There are a lot of bears out there. Chronic parental discord; enduring low-dose humiliation or blame and shame; chronic teasing; the quiet divorce between two secretly seething parents; a parent’s premature exit from a child’s life; the emotional scars of growing up with a hypercritical, unsteady, narcissistic, bipolar, alcoholic, addicted or depressed parent; physical or emotional abuse or neglect: these happen in all too many families. Although the details of individual adverse experiences differ from one home to another and from one neighbourhood to another, they are all precursors to the same organic chemical changes deep in the gray matter of the developing brain.

Every few decades, a groundbreaking psychosocial ‘theory of everything’ helps us to develop a new understanding of why we are the way we are – and how we got that way. In the early 20th century, the psychoanalyst Sigmund Freud transformed the landscape of psychology when he argued that the unconscious rules much of our waking life and dreams. Jungian theory taught, among other ideas, that we tend toward introversion or extroversion, which led the American educationalist Katharine Cook Briggs and her daughter Isabel Briggs Myers to develop a personality indicator. More recently, neuroscientists discovered that age ‘zero to three’ was a critical synaptic window for brain development, giving birth to Head Start and other preschool programmes. The correlation between childhood trauma, brain architecture and adult wellbeing is the newest, and perhaps our most important, psychobiological theory of everything.

Today’s research on adverse childhood experiences revolutionises how we see ourselves, our understanding of how we came to be the way we are, why we love the way we do, how we can better nurture our children, and how we can work to realise our potential.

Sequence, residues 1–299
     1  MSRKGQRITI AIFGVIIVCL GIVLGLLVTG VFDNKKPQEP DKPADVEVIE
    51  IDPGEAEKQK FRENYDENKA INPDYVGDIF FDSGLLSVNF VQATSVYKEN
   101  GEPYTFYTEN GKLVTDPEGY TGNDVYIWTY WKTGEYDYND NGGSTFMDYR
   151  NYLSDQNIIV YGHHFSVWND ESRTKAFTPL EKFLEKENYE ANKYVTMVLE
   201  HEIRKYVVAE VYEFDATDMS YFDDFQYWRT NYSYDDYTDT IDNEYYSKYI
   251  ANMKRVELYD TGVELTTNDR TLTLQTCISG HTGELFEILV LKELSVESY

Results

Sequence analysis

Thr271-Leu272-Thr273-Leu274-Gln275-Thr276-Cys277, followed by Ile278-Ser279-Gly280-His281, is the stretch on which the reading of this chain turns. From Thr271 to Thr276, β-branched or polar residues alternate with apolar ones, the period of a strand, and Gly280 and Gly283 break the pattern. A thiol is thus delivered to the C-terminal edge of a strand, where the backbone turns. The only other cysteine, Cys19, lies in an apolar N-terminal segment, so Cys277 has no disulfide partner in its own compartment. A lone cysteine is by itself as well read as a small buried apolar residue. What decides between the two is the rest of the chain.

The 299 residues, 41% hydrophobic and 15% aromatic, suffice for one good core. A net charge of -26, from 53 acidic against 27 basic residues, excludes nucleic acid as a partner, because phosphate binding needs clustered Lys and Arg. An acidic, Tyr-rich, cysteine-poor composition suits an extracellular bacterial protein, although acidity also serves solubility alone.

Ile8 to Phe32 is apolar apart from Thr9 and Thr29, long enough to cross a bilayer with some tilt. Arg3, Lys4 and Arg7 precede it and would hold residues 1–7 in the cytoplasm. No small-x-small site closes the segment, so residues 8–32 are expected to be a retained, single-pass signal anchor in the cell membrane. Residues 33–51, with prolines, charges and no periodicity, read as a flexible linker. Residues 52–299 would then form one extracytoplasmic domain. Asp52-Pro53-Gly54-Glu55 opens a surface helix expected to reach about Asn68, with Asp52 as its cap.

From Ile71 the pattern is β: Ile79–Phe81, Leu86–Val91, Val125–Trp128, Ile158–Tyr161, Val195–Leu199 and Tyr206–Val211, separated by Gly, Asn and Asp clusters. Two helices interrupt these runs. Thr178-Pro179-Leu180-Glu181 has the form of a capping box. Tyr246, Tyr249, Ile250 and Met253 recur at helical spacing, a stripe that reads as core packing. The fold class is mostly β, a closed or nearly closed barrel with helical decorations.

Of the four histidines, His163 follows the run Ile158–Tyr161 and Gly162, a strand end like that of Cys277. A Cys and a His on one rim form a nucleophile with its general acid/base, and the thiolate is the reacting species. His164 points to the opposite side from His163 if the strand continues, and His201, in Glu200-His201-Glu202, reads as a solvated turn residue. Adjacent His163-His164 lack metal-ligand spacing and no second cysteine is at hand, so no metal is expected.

To date, more than 1,500 studies founded on Felitti and Anda’s hallmark ACE research show that both physical and emotional suffering are rooted in the complex workings of the immune system, the body’s master operating control centre – and what happens to the brain during childhood sets the programming for how our immune systems will respond for the rest of our lives.

The unifying principle of this new theory of everything is this: your emotional biography becomes your physical biology, and together, they write much of the script for how you will live your life. Put another way: your early stories script your biology and your biology scripts the way your life will play out.

Unlike previous theories of everything, though, this one has been mind-bogglingly slow to change how we do medicine, according to Felitti. ‘Very few internists or medical schools are interested in embracing the added responsibility that this understanding imposes on them.’

With the ACE research now available, we might hope that physicians will begin to see patients as a holistic sum of their experiences and embrace the understanding that a stressor from long ago can be a health-risk time bomb that has exploded. Such a medical paradigm, which sees adverse childhood experiences as one of many key factors that can play a role in disease, could save many patients years in the healing process.

But seeing that connection takes a little time. It means asking patients to fill out the ACE questionnaire and delving into that patient’s history for insight into sources of both physical and emotional pain. As health-care budgets have become stretched, physicians spend less time interacting one-on-one with patients in their exam rooms; the average physician schedules patients back-to-back at 15-minute intervals.